Sertich wins fight for life . . . and then there's tennis

May 10, 1993|By Roch Eric Kubatko | Roch Eric Kubatko,Staff Writer

John Sertich maneuvered his blue Nissan Sentra into a parking space beside the row of tennis courts at Truxtun Park in Annapolis last week. The doors swung open, and a group of friends bounded out.

The St. Mary's senior had 10 minutes to kill before warming up for his match against Matt Weinstein of Boys' Latin in No. 1 singles. With his baseball cap turned backward, he sat on the trunk of his car and devoured a couple of vanilla dessert cakes and a large orange soda.

Sertich has regained the look of a healthy teen-ager. He used to wonder if that would ever happen.

As a freshman, Sertich was the Maryland Scholastic Association BB Conference's champion in No. 5 singles. The next season, he lost just two matches despite being shuffled back and forth from No. 2 to No. 3.

A year later, his weight was down 30 pounds, and cancer had spread through his body. Tennis no longer was John Sertich's passion. Staying alive was.

Sertich, who lives in Bowie, had spent the early portion of that summer competing in as many tennis tournaments as he could find. He was ranked 16th among Maryland amateurs in his age group, and with a new coach coming into St. Mary's, he was excited about regaining the MSA title that eluded him as a sophomore.

But by September of 1991, the pain in his lower back that began as an annoying twinge had worsened considerably. One doctor visit led to another. And still another.

He was told to apply heat to the sore area, then ice. He tried muscle relaxers, and heard one diagnosis that said he might have contracted mononucleosis.

"I must have gone to a dozen doctors," Sertich said. "Nothing worked."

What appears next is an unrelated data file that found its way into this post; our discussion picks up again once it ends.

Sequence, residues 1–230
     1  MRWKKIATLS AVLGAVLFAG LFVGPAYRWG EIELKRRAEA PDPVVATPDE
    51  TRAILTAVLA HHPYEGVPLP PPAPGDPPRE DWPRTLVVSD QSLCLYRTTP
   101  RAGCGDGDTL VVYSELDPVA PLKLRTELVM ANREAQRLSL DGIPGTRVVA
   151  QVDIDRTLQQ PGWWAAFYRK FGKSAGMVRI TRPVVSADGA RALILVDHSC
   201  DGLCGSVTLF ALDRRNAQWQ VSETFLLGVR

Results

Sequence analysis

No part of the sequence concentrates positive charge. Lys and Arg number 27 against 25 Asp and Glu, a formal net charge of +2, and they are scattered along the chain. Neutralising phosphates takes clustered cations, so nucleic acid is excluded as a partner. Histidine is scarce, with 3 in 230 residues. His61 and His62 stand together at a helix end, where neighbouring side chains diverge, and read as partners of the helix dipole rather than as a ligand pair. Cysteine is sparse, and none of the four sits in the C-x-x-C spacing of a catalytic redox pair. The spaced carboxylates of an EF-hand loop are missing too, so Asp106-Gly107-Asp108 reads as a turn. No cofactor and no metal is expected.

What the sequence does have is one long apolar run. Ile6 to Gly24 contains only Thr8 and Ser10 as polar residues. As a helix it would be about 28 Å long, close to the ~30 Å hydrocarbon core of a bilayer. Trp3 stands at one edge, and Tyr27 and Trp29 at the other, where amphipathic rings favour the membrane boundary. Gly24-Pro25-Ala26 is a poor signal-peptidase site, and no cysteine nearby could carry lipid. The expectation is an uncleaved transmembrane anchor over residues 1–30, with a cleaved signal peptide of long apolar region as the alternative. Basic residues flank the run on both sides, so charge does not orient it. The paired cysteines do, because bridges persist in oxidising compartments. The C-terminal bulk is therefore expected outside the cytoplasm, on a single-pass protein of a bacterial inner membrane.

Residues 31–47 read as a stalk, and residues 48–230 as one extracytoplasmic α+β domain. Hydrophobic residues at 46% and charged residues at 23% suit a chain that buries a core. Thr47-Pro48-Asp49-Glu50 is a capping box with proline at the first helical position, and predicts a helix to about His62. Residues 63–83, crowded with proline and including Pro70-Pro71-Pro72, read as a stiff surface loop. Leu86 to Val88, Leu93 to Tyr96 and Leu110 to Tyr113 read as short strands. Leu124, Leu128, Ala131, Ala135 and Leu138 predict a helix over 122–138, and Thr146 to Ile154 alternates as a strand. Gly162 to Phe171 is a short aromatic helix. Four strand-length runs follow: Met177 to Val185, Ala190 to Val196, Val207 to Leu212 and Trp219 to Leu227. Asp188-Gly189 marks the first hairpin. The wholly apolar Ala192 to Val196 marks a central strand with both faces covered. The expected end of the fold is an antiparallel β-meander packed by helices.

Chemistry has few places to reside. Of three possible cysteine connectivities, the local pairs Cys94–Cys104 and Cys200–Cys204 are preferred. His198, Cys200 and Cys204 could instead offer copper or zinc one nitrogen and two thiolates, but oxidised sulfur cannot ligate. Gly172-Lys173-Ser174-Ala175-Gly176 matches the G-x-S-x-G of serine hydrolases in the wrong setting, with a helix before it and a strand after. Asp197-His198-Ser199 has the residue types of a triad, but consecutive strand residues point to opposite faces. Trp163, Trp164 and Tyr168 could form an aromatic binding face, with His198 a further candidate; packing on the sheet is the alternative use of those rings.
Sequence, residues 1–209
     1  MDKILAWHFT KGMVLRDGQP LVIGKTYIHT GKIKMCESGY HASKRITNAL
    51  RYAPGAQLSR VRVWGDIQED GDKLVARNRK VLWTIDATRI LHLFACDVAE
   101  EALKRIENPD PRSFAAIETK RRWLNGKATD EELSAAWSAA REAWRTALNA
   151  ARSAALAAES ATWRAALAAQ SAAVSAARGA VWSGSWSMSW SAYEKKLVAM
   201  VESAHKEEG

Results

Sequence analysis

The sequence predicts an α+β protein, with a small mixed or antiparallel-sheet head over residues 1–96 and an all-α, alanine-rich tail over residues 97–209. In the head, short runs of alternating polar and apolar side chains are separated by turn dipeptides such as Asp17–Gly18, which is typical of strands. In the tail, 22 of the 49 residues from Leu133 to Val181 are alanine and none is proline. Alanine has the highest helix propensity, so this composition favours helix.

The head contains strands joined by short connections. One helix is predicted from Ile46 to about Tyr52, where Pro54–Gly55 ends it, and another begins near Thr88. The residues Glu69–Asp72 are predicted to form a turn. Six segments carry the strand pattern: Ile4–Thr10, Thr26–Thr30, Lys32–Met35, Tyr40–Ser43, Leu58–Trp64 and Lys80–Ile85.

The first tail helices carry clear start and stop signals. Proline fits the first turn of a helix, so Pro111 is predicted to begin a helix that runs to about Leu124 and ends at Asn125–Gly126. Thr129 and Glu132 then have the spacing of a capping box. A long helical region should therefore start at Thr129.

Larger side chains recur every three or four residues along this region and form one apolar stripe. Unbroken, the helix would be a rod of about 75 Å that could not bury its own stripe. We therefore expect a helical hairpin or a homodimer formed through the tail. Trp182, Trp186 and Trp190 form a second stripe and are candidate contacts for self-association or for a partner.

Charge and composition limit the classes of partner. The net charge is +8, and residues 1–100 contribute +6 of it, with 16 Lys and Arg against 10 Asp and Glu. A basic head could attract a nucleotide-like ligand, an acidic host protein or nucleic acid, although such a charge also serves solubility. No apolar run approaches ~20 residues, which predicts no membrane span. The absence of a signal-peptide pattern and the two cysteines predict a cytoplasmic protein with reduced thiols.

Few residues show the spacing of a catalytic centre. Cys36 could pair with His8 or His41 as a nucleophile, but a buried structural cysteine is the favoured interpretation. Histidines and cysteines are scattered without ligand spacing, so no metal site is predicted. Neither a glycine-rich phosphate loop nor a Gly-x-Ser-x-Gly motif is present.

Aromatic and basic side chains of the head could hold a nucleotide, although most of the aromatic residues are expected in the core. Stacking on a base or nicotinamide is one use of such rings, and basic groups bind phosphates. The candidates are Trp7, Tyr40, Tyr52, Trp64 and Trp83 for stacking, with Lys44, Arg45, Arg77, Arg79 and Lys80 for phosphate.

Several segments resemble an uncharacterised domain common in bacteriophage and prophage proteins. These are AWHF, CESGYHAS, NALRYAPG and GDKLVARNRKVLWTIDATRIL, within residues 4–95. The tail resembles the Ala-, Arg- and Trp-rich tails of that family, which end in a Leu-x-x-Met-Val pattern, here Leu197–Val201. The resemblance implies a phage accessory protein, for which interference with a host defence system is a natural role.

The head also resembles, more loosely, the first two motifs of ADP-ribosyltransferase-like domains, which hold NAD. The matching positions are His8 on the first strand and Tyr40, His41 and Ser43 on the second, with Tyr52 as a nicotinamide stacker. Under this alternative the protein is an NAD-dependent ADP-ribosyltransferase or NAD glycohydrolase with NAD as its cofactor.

A sonogram in November revealed the problem: Cancer was discovered in his left testicle. And the germ-cells were dividing rapidly, moving the disease into the liver, lungs and stomach.

"I was devastated," he said. "It kind of makes you realize that you're not invincible, even though for a period of time, I thought I was."

Sertich was transported by ambulance to Johns Hopkins Hospital, and surgery was performed the next morning. He then was subjected to chemotherapy treatments every three weeks, which lasted five days and left him nauseous and weak. He had sharp pains in his stomach that wouldn't subside for three days, and his only means of relief was to lay on his side, motionless.

"I wouldn't eat for weeks at a time," he said. "I couldn't even keep water down. If you can't keep water down, what's left? I basically would dream about eating."

"It all happened so fast," said his mother, Helen Sertich. "He had a lot of swelling for months and didn't say anything. He started having pain and said something, and within a few days he was in the hospital. The doctors didn't even have to do a biopsy. They could tell by his blood counts that it had spread everywhere."

Sertich didn't need radiation treatments, but with his immune system lowered, he kept returning to Johns Hopkins. Extra precautions had to be taken for something as routine as a cold. If his temperature rose a couple of degrees, he would have to go back for antibiotics.

"My red blood cells were so low, I had no defense. I must have had 20-odd transfusions," he said.

The chemotherapy lasted three months, followed by weekly check-ups that eventually were extended to once every month, then to once every six months. Doctors told him that there was a 95-percent recovery rate for this type of cancer. His life slowly was getting back in order.

"They say with cancer, your outlook is as important as the treatment. And John's outlook was unbelievable," said Helen Sertich. "He wasn't always the most mature child, but he never gave up. He has a lot of faith and that kept him going.

"The doctors still see a little spot when they do his scans, but they feel it's scar tissue behind his liver. He's definitely in remission."

Sertich was back at St. Mary's in March, though nowhere near his former weight of 150 pounds. The chemotherapy had taken away his thick black hair, and he received permission to wear a hat to school to lessen his discomfort.

"He lost hair everywhere," said Helen Sertich. "He and his sister [Angela] made a game of, when his hair was falling out of his head, they were pulling out clumps and making designs in his head."

"He was kind of embarrassed at first," athletic director Carmine Blades said, "but nobody was going to say anything to him about his hair."

Home studies allowed Sertich to complete his junior year. And not only has he returned to the tennis team this spring, but coach Camille Corletta also has him playing No. 1 singles.

"I think he's back up to par," Corletta said. "I was counting on him this year. I talked to him a lot last year, and he showed interest. I was expecting him to be one of the strong players. I wasn't expecting him to be No. 1, though."

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